A positive pregnancy test can be a very exciting event in a woman’s life, but when the joy or shock wears off it is important to start thinking about prenatal care. Receiving comprehensive medical care throughout pregnancy is essential for the good health of both the mother and the baby. While most women choose to receive prenatal care from an obstetrician (a medical doctor that specializes in caring for pregnant women and delivering babies), some woman choose to see their family doctor or a licensed midwife during pregnancy. The first prenatal appointment occurs during the first trimester, and a new mother-to-be can expect the following:

At an initial prenatal appointment a woman will be asked to provide her health history, information about her lifestyle, and a family health history. Information may be asked about the father of the child; based on the ethnicity of the parents, genetic screening may be offered to see if the fetus has any genetic abnormalities.

The first prenatal appointment typically includes a full physical examination—a woman’s height and weight will be recorded, and her blood pressure and heart rate will be monitored. The health care provider will do a physical to determine the overall state of a woman’s health. After an overall examination, most health care providers will do a pelvic exam to check the shape and feel of the cervix. Many doctors will also conduct a PAP smear at this time to ensure that a woman’s cervix is healthy.

A woman’s health care provider will determine the estimated due date of the baby at the first prenatal appointment. This is typically based on the first day of the woman’s last menstrual period. If a woman does not remember the date, or if she has irregular or abnormal menstrual periods, her doctor will most likely do an ultrasound in order to examine the fetus and determine its gestational age. Whether or not an ultrasound is done during the first prenatal appointment varies by health care professional; some do them for every patients, while others only do an ultrasound if the due date can’t be determined by the date of the last menstrual period.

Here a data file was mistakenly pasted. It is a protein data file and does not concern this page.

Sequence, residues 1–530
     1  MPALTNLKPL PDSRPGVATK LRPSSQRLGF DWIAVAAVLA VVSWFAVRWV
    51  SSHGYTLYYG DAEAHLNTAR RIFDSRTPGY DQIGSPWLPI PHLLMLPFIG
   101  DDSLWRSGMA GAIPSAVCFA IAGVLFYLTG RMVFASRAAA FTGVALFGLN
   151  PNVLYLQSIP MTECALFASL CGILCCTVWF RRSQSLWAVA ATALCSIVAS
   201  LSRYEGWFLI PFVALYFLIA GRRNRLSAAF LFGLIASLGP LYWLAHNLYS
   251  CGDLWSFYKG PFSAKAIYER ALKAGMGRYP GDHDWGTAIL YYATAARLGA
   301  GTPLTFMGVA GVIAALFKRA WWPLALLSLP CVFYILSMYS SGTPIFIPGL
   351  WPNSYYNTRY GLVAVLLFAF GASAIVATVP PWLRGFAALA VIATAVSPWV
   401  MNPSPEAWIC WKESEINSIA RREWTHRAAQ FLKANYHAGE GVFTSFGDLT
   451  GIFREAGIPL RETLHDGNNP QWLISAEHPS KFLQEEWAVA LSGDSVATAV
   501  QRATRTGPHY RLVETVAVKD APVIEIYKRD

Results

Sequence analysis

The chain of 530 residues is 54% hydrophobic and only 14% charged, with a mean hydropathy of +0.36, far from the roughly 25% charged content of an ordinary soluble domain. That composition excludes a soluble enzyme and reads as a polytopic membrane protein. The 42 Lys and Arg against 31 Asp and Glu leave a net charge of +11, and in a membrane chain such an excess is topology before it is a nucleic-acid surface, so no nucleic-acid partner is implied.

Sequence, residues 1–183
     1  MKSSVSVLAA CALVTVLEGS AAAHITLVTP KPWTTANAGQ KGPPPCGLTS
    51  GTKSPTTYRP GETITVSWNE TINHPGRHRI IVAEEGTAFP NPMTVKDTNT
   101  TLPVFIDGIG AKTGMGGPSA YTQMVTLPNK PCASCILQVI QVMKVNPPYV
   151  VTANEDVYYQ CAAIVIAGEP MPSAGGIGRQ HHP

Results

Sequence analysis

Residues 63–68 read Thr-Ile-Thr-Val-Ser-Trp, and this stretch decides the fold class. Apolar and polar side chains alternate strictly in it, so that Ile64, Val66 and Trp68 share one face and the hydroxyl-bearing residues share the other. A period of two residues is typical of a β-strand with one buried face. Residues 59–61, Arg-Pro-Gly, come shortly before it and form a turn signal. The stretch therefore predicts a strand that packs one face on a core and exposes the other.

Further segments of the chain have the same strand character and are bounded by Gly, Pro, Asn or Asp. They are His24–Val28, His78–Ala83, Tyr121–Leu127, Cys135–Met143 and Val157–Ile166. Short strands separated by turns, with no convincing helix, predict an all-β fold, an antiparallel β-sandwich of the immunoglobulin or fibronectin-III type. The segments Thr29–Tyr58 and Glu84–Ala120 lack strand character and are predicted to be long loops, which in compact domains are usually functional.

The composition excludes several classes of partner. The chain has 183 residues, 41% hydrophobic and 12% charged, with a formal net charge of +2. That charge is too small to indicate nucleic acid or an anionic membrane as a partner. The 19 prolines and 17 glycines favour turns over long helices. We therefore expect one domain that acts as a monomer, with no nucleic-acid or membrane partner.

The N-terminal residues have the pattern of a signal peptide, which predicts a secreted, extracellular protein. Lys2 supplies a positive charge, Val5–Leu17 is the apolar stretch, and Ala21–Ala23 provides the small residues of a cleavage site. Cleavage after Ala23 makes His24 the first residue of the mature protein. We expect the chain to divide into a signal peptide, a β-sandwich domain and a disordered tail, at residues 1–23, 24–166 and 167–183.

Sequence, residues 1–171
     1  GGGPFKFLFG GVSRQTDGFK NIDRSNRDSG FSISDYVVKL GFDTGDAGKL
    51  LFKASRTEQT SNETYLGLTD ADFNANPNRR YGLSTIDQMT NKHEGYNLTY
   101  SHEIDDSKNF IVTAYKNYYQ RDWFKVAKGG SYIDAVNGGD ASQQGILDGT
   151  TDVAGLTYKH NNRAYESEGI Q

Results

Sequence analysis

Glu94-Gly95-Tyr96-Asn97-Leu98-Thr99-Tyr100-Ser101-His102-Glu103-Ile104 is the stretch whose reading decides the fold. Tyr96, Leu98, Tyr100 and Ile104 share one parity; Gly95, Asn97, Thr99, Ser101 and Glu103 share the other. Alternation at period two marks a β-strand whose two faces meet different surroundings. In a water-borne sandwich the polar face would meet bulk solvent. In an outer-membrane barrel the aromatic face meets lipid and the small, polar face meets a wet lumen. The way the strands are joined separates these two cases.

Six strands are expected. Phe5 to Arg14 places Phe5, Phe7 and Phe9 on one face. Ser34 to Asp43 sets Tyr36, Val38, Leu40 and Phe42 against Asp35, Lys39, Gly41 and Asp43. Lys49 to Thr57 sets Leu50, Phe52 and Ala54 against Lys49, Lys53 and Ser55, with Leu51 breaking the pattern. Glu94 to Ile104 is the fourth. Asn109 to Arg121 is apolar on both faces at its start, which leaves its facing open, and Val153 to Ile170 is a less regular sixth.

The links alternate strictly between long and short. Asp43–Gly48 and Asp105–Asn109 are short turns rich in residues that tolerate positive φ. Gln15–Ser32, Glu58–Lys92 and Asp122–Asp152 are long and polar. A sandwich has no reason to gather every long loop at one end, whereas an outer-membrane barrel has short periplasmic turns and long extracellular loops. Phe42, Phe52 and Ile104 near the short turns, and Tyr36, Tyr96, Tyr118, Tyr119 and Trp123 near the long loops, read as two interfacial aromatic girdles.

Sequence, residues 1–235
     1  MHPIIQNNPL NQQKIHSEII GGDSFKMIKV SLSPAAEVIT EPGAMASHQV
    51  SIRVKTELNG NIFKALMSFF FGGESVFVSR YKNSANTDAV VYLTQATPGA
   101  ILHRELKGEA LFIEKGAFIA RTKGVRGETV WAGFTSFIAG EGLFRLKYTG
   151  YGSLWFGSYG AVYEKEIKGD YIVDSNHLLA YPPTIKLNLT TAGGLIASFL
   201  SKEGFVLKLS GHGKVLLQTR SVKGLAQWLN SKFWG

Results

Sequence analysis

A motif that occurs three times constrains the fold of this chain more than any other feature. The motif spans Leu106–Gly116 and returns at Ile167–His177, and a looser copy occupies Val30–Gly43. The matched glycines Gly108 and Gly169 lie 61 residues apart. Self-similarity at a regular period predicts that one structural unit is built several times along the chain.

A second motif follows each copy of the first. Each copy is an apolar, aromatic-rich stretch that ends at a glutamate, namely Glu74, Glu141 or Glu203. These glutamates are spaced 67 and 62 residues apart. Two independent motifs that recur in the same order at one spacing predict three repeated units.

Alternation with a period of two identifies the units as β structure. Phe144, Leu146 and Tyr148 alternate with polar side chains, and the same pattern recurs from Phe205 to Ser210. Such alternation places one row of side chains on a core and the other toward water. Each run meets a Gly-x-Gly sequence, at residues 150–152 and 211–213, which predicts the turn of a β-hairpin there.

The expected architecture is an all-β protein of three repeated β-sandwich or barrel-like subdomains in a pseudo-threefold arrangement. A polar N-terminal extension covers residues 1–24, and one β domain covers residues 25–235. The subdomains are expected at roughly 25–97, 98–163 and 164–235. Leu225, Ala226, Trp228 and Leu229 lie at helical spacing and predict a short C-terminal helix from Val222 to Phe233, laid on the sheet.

During the first prenatal appointment, the health care provider will order a variety of blood tests which will either be done in the office or at a nearby lab. These tests are used to determine a mother’s blood type, including her RH factor, and also measure her hemoglobin levels. Most health care providers also run a variety of tests to check to see if a woman has any infections that could be detrimental to her health or the health of the baby, such as HIV/AIDS or other sexually transmitted diseases.

Many newly pregnant women have a lot of questions about the changes in their bodies and what to expect as the pregnancy progresses, and the first prenatal appointment is the ideal time to ask these questions. A woman should feel completely comfortable speaking with the health care provider who is providing prenatal care during her pregnancy.

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Author's Bio: 

Brian Wu graduated with a Bachelor of Science degree in Physiology and Neurobiology. Currently, he holds a PhD and is an MD candidate (KSOM, USC) in integrative biology and disease. He is also an experienced writer and editor for many prestigious web pages. Brian values the ability of all ages to learn from the power of stories. His mission is to write about health conditions, educational topics and life situations in an entertaining way in order to help children understand their own life conditions and daily circumstances.